Within modernity and postmodernity, famous transgender people were novelties, not threats, and run-of-the-mill transgender people were classified as mentally ill. Those with access to capital could transition and live as eccentrics, those without capital vanished into the gristmill of history. A small number of entertainers survived at the margins, serving exclusively Queer audiences. Most recently, the transgender and Queer communities were decimated by HIV/AIDS, a pandemic that our oppressors thought of as a genocide of convenience, a contaminant among contaminants, impurity to punish the impure.

There are almost no transgender political or military or intellectual leaders to be found across centuries of systemic oppression. We have not only faced the eradication of our ability to transmit knowledge and culture from one generation to the next within our own cultures, but we have had no position to have an influence on the cultures our cultures live alongside and within.

If our recovery of a capacity for intergenerational knowledge transfer threatens the order of things, it is specifically because our cultures, fully realized and sustained, do have powerful influences over the cultures that have historically systematically oppressed us.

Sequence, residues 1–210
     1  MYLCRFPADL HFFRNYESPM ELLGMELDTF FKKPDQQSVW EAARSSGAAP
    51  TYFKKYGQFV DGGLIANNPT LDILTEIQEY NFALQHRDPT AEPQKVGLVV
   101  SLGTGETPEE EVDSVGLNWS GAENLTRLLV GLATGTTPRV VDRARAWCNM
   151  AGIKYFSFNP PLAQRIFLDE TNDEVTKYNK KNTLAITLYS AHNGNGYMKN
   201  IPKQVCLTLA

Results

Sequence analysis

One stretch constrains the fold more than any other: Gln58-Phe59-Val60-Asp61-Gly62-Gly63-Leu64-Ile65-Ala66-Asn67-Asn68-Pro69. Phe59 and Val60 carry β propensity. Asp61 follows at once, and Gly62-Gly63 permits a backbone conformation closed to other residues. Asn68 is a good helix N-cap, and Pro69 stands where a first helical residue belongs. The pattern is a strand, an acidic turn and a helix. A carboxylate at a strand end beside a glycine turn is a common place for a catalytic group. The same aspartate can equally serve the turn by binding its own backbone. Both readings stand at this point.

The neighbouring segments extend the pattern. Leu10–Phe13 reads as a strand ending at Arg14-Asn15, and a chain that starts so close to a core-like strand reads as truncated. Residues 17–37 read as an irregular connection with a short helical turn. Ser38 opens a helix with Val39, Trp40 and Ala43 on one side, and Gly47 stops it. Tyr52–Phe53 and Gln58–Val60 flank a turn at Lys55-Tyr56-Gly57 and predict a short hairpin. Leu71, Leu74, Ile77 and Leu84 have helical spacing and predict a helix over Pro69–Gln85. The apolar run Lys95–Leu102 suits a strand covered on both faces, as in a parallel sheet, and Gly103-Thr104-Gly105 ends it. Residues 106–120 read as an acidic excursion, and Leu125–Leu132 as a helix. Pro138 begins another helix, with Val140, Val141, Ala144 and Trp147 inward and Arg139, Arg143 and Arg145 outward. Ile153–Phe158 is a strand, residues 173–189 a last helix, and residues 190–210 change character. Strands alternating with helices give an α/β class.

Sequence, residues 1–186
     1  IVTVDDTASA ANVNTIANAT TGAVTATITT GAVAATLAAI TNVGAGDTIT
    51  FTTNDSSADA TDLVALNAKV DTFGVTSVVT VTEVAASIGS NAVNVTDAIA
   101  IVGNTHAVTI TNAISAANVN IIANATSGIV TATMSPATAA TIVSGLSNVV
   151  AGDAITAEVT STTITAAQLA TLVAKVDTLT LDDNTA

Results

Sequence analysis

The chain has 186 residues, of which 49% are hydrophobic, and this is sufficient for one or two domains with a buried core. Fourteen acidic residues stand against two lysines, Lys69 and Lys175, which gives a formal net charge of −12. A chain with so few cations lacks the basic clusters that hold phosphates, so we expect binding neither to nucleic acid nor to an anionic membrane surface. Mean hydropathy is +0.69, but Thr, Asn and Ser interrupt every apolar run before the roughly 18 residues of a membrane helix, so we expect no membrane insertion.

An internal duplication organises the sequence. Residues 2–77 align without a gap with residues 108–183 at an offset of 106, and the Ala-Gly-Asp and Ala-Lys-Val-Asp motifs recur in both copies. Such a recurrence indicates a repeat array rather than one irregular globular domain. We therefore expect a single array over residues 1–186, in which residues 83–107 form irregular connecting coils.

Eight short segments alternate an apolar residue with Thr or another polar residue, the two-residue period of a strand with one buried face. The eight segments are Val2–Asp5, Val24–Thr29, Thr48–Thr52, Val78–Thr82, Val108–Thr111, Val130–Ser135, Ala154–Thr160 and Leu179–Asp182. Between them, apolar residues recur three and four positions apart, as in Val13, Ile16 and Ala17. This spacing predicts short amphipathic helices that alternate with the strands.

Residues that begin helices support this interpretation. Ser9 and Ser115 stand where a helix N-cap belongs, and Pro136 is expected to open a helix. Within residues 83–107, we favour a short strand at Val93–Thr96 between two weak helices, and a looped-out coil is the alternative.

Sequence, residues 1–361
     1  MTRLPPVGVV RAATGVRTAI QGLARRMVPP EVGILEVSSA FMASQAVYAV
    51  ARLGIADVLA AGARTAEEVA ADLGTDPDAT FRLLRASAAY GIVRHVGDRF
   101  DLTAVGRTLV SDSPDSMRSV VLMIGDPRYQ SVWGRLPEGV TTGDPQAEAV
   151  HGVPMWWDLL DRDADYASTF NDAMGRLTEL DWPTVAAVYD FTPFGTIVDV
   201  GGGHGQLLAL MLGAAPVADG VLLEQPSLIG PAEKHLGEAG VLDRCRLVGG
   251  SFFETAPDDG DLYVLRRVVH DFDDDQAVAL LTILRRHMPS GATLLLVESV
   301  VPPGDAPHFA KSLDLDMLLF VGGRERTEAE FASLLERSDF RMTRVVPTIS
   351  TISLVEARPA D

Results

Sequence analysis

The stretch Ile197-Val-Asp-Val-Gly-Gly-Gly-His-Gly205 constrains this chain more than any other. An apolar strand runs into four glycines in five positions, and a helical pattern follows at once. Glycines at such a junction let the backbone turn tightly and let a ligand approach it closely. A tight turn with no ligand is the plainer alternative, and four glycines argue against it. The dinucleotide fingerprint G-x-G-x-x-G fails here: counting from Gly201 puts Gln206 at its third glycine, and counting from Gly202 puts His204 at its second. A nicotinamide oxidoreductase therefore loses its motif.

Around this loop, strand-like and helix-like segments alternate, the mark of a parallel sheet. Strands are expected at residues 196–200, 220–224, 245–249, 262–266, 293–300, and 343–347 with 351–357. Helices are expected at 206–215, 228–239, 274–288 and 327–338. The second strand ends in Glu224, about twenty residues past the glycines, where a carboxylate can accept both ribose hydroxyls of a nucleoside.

We have been mined for culture, sure. We have been allowed to exist only so long as we designed their clothes, guided their dances, sang their songs, made them laugh, but only so long as we remained in the closet and the shadows, at the threat of violence. By demanding autonomy over our own lives and our own bodies, we threaten their control over everyone’s lives, and so, they threaten our lives.

There is almost no written historical record of our place in society or our power in human culture, just as the unwritten histories of Indigenous people have been rendered largely invisible outside of our communities by genocide and the lack of place for oral and storytelling histories in the Internet Era.